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BJT Differential Amplifier



                             BJT_DIFFAMP1.CIR                Download the SPICE file

Look under the hood of most op amps, comparators or audio amplifiers, and you'll discover this powerful front-end circuit - the differential amplifier. A simple circuit able to amplify small signals applied between its two inputs, yet reject noise signals common to both inputs. This circuit has a unique topology: two inputs and two outputs. Although you can tap the signal from one output only, taking the difference between both outputs delivers twice the gain! And it improves Common-Mode Rejection (CMR), an essential function when the common-mode signal is a noise source or DC bias from a previous stage.



How does this amplifier amplify differential signals and reject common ones? The bias condition assumes equal voltages at VB1 and VB2, forcing the bias current IE (set by RE) to split equally between the transistors resulting in IC1 = IC2. With RC1 = RC2, equal voltages develop at VC1 and VC2. 


Now suppose a differential signal is applied to the inputs. This will incrementally increase and decrease the base voltages to

VB1 + ΔV  and  VB2 - ΔV

Because Q1 conducts a little more and Q2 a little less, IE now splits unevenly creating

IC1 > IC2

This, in turn, forces the voltage at VC1 to decrease and VC2 to increase. The result: a voltage change at each output due to a differential input.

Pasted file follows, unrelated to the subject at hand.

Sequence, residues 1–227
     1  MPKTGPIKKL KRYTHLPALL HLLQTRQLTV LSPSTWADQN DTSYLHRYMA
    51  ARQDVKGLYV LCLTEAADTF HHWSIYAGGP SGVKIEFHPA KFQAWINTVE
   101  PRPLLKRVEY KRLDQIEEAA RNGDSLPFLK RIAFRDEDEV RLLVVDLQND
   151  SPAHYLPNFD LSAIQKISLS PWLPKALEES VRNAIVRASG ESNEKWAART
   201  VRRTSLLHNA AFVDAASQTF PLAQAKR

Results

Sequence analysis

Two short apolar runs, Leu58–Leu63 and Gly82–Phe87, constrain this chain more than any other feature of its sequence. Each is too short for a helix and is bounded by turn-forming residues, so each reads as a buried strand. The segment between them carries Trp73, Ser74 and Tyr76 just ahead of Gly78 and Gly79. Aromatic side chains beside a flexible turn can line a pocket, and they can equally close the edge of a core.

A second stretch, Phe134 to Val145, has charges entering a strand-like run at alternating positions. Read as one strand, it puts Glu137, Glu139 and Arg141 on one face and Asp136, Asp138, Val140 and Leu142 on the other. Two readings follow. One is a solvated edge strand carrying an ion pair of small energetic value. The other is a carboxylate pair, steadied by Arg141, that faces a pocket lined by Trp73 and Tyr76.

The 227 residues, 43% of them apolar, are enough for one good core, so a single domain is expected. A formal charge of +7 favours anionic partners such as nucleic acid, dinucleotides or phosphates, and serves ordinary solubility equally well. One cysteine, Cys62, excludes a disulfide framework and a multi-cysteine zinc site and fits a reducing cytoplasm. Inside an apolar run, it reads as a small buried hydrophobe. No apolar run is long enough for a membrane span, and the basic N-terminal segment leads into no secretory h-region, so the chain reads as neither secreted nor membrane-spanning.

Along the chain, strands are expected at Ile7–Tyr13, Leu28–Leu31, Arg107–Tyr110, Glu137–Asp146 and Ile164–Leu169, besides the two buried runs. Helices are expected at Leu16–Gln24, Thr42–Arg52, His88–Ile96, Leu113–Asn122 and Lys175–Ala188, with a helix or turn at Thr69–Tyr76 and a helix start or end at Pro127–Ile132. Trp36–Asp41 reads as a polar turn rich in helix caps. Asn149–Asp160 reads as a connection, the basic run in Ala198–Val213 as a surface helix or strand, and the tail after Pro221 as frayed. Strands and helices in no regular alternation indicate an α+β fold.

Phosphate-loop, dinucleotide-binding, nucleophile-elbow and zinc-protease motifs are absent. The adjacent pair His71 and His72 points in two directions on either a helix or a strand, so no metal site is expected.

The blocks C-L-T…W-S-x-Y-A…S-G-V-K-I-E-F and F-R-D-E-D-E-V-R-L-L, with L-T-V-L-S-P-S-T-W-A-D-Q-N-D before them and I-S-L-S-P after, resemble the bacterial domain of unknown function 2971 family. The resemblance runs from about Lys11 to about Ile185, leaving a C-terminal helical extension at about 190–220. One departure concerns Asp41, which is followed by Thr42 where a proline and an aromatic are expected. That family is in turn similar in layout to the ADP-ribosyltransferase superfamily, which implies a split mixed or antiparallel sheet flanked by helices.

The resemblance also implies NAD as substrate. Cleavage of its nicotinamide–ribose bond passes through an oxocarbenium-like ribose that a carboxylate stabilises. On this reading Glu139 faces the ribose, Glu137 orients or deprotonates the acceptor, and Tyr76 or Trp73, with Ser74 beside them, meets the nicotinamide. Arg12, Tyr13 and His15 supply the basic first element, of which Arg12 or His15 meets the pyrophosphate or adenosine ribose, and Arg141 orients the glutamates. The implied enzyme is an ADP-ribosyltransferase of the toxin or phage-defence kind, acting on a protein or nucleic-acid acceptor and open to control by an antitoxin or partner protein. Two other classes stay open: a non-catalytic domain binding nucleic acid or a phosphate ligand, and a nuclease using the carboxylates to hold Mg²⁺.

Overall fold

Now suppose a common-mode input signal is applied. We incrementally increase both inputs to

VB1 + ΔV  and  VB2 + ΔV

Because the conduction level of neither transistors has changed (both bases and emitters moved by the same amount), the collector currents did not change.

IC1 = IC2 IE / 2.

Subsequently, the voltages at VC1 and VC2 remain the same! Therefore, the circuit has rejected a signal common to both inputs.

Well, the last statement is almost true. Actually, a change in emitter voltage had a small ill effect. It changed the bias current IE set by RE. And this directly impacted IC1 = IC2 IE / 2, slightly shifting the levels at VC1, VC2. As you can see the rejection is not perfect. However, it can still be effective at removing a large part of noise or a DC bias common to both inputs.



How do we calculate the differential voltage gain? You can think of Q1 and Q2 as current sources controlled by their base voltages. RC1 and RC2 then convert the currents back into voltages. First, the small signal collector current

iC = gm ∙ vB

where the transconductance gm  (A / V) is set by the DC collector current
gm = Ic / VT = Ic / 25 mV